Learning Webs and Web Services 
One of the most intrigueing things about reading Deschooling Society in 2009 is the connection between Illich's vision and the computer technology of today. As Luai lashire has pointed out, the technology is readily available to realize the institutions Illich had in mind. Take one fo the four services comprising his learning web - the peer matching service. A participant enters current learning interests "into a computer" - for example, a book which she has just read and wants to discuss with other readers. The service returns contact information to people who entered a matching request. This could easily translate into a modern web service, possibly incorporating typical social networking functions. The results could be filtered for locality, so that it is possible to meet in person. On the other hand, chat, video conference or other forms of communication might work over large distances. Does anybody know whether there are projects resembling such a service? If I may use Wikiversity for now as a peer matching service: Anyone interested in exploring and discussing the prospects of this idea, please contact me. --Deschooling 20:37, 15 August 2009 (UTC)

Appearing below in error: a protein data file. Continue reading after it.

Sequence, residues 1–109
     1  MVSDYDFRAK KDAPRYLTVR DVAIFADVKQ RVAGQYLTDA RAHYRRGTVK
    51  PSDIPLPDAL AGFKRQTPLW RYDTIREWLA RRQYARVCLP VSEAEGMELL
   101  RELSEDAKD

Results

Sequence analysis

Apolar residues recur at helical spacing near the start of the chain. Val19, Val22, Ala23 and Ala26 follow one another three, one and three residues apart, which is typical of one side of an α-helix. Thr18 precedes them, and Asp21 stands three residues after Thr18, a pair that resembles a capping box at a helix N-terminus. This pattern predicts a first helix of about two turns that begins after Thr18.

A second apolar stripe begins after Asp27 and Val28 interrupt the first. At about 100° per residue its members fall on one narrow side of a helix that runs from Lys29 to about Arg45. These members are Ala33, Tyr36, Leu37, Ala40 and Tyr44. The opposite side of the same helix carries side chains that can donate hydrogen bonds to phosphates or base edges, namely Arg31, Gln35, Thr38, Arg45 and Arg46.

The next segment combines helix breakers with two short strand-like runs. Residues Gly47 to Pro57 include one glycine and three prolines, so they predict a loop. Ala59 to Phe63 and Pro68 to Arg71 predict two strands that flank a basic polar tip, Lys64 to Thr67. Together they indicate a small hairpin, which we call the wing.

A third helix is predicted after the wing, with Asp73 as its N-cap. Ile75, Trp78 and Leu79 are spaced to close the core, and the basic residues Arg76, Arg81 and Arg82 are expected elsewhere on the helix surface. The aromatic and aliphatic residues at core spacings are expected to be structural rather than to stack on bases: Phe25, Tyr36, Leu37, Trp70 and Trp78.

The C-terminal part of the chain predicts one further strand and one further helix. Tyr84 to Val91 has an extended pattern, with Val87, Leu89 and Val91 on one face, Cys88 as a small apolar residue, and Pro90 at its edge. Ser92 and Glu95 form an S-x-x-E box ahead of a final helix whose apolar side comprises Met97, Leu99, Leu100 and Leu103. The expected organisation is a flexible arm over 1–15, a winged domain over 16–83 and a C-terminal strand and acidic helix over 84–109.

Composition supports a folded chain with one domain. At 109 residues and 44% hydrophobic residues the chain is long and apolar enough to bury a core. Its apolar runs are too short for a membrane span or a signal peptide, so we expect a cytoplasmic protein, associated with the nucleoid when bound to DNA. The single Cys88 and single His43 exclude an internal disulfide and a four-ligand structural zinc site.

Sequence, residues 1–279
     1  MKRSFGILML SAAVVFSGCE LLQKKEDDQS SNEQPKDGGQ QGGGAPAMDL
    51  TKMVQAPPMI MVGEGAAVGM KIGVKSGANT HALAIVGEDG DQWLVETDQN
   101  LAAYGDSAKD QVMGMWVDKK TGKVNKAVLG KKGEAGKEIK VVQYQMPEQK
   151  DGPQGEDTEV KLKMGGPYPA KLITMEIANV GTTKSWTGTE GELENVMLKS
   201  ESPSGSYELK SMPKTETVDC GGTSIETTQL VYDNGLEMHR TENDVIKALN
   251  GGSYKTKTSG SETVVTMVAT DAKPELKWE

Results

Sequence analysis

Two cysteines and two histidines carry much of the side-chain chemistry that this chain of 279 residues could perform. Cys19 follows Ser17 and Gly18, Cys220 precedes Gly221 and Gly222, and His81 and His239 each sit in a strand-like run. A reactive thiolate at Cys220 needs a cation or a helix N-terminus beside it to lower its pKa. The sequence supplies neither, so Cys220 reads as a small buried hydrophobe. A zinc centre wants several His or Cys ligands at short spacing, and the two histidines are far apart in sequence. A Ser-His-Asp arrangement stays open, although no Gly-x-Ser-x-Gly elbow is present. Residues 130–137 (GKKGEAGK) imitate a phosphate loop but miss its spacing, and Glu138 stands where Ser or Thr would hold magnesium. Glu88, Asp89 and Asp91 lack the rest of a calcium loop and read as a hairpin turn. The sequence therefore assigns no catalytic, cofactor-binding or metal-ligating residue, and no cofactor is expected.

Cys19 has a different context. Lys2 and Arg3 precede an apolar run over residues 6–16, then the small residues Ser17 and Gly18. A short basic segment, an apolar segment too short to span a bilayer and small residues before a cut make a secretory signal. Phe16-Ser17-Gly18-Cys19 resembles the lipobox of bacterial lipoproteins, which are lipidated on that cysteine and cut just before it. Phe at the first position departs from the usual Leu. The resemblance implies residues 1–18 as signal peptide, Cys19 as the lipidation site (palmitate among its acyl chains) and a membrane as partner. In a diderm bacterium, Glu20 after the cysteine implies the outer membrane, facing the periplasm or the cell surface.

Mentorship website? 
I suspect that Illich's first three learning webs are already on their way to being realized via the internet, though the professional educator / mentorship web is still pretty dormant. What would a good deschooled mentor/mentee matching website be like? Do any already exist? If such a website were to be established, do you think it would further popularize a deschooled approach towards education?
Keegan --Keeganwade 18:37, 8 December 2009 (UTC)
- I haven't looked at it that closely but I wonder if Livemocha might meet this type of mentoring/social learning web. Countrymike 04:23, 4 May 2010 (UTC)
Is it possible that new technology must come first? 
The limitations of technology are its designers and users. The design reveals the bias of the creator, much like jokes reveal the subconscious of the person telling them. Participatory design of schools might solve some of these problems. there is a last wrinkle however. What if you don't know what you need, because you have not reference for the innovation yet.
Ivan Illich has a nice answer to this i think.
"The planning of new educational institutions ought not to begin with the administrative goals of a principal or president, or with the teaching goals of a professional educator, or with the learning goals of any hypothetical class of people. It must not start with the question, "What should someone learn?" but with the question, "What kinds of things and people might learners want to be in contact with in order to learn?" (illich, ch 6, para. 22)